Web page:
My Career in Laughter

November 6, 2012
By

I had big plans. Somehow I didn’t get around to doing anything about them. I put them off, or maybe I was afraid to follow through on them. OK, all of the above. I was over 50 by the time I had formulated these ideas. My inner naysayer whimpered, “Why bother?”

And I had thought of myself as an out-of the box thinker. Hah! I know fifty-somethings who didn’t see age as an impediment. My sister-in-law Susan parachuted out of an airplane after 50. My friend Marty challenged an entrenched incumbent in a run for Congress, and when that didn’t work out he ran for state senate. Another friend, undefeated by early widowhood and breast cancer, started flying lessons. And then there’s Monica, walking buddy, effervescent mother of two and Martha Stewart wannabe, who participated in her first mini-triathalon.

With the kids on their way out of the nest, I had two plans I especially wanted to implement.

One was to create something from my fascination with the intersection of humor and religion. You see, I don’t just love a good joke, I’m the class clown who never grew up. I have to make people laugh. And I find a lot of things funny that others don’t, which gives me extra laughing opportunities. Also, I’m fairly immersed in my Judaism and something of a student of religion. Thus the two spheres collide in my psyche. Years ago I started a collection of Moses cartoons. Every year I put them up on the dining room wall during our Passover seders for our guests to enjoy. Over the years my collection blossomed into a rather large array of jokes, cartoons and parodies about many religions — all in fun and all in good taste. Every Passover I hold an open house, taping cartoons all over our walls–and down the hallway at this point — for the enjoyment of our friends. Every year I laugh watching them laugh. My curiosity extended to reading and researching the humor/religion connection as well as the health benefits of humor. At some point it occurred to me to take this avocation and create something unique.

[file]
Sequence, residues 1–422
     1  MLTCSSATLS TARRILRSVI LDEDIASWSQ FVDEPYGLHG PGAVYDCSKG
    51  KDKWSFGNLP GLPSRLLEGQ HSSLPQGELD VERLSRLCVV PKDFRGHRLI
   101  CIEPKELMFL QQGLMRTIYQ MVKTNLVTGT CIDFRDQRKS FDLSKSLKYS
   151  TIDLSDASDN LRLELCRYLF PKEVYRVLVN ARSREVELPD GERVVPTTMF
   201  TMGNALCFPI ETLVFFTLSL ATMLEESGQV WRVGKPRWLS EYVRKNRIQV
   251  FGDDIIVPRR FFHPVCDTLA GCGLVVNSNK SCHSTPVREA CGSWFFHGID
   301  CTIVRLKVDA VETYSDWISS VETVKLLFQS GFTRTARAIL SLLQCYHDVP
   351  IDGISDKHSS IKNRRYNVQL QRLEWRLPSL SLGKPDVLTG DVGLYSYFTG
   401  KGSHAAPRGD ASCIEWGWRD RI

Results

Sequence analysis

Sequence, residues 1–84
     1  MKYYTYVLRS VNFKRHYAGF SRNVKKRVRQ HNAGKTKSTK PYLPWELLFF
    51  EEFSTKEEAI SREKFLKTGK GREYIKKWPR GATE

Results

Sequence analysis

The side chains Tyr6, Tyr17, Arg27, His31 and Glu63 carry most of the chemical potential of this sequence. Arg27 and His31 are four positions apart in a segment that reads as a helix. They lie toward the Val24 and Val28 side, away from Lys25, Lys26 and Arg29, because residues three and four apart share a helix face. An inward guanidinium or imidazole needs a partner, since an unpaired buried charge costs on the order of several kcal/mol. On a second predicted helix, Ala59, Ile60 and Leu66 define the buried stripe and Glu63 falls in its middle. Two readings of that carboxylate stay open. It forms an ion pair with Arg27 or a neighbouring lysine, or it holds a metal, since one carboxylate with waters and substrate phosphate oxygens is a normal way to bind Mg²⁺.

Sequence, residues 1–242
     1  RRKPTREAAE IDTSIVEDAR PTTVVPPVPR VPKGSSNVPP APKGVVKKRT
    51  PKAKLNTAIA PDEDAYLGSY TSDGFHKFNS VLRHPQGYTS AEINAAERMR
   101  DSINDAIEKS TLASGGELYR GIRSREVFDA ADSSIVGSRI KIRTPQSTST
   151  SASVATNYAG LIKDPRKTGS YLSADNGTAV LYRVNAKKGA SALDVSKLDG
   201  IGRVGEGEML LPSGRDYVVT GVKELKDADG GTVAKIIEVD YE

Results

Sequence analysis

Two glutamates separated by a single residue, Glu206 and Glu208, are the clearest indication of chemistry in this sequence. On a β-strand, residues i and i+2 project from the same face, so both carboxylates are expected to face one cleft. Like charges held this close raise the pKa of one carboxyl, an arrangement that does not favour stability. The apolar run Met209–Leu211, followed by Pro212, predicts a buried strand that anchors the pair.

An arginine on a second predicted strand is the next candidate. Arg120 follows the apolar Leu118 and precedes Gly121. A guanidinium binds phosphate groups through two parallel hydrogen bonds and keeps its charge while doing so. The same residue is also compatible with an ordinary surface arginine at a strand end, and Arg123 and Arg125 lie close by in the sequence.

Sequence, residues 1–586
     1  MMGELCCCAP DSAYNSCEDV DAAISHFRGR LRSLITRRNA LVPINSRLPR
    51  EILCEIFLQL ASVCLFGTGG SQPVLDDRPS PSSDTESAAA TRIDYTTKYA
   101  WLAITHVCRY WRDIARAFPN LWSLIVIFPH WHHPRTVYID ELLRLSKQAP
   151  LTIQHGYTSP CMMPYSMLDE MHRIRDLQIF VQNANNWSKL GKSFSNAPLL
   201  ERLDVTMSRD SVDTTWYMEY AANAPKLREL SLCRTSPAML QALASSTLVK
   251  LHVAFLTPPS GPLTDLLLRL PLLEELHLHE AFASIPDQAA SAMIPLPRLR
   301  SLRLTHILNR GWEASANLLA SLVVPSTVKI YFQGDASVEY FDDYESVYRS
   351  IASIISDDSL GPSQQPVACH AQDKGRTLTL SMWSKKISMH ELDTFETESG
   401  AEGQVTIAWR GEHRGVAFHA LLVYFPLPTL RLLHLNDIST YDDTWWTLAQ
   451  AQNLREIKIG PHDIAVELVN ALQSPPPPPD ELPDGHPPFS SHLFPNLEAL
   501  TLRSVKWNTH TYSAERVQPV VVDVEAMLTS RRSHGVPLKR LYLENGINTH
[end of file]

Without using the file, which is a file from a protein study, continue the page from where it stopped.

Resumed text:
I also wanted to formalize a tutoring career out of my writing and editing experience, skills honed from helping friends’ kids with their writing and my work as a volunteer reading/writing tutor at a private school.

Eventually both plans came to fruition.

I organized my collection into multiple scrapbooks by subject. I read and researched in greater depth and pulled my thoughts together on paper, well, on the computer. A technophobe, I had the aforementioned multi-talented Monica help me put together a PowerPoint presentation. It all came together in a talk, “Joking and Rejoicing,” which I gave before 80 people at my synagogue. I’m now getting set to deliver several versions of the talk, “Religious Humor: The Historical and the Hysterical,” to other area organizations. I’m also working part-time at a learning center tutoring students of varying ages in writing, reading and study skills. What finally got me there? As with most big changes, it was a number of things coming together.

One thing was a used book I stumbled upon at a high school book sale. The title screamed to me at the top of its lungs: It’s Only Too Late if You Don’t Start Now: How to Create Your Second Life at Any Age by Barbara Sher.* “…there’s somebody inside you who hasn’t happened yet, whose been waiting to come on the scene and create a new life. One that was never possible until now….” Maybe I was just ready to hear this author’s message. “…everything you need for a superb second life lies in the direction time is carrying you…Everything that was valuable about you when you were young is waiting inside you, intact and shining like a new set of tools, ready to use whenever you like…”

Sher helped me to stop thinking of all the times I hadn’t acted on my plans as wasted and of myself as a coward. It also helped to witness friends and relatives of that certain age doing spectacular things. It helped to feel validated that a particular interest (obsession? quirk?) of mine could engage others and best of all make them laugh.

A first over 50 isn’t necessarily a case of “teaching old dogs new tricks.” It can be the realization that age is immaterial. And you can even invent your own tricks.

*Dell Publishing, 1999.

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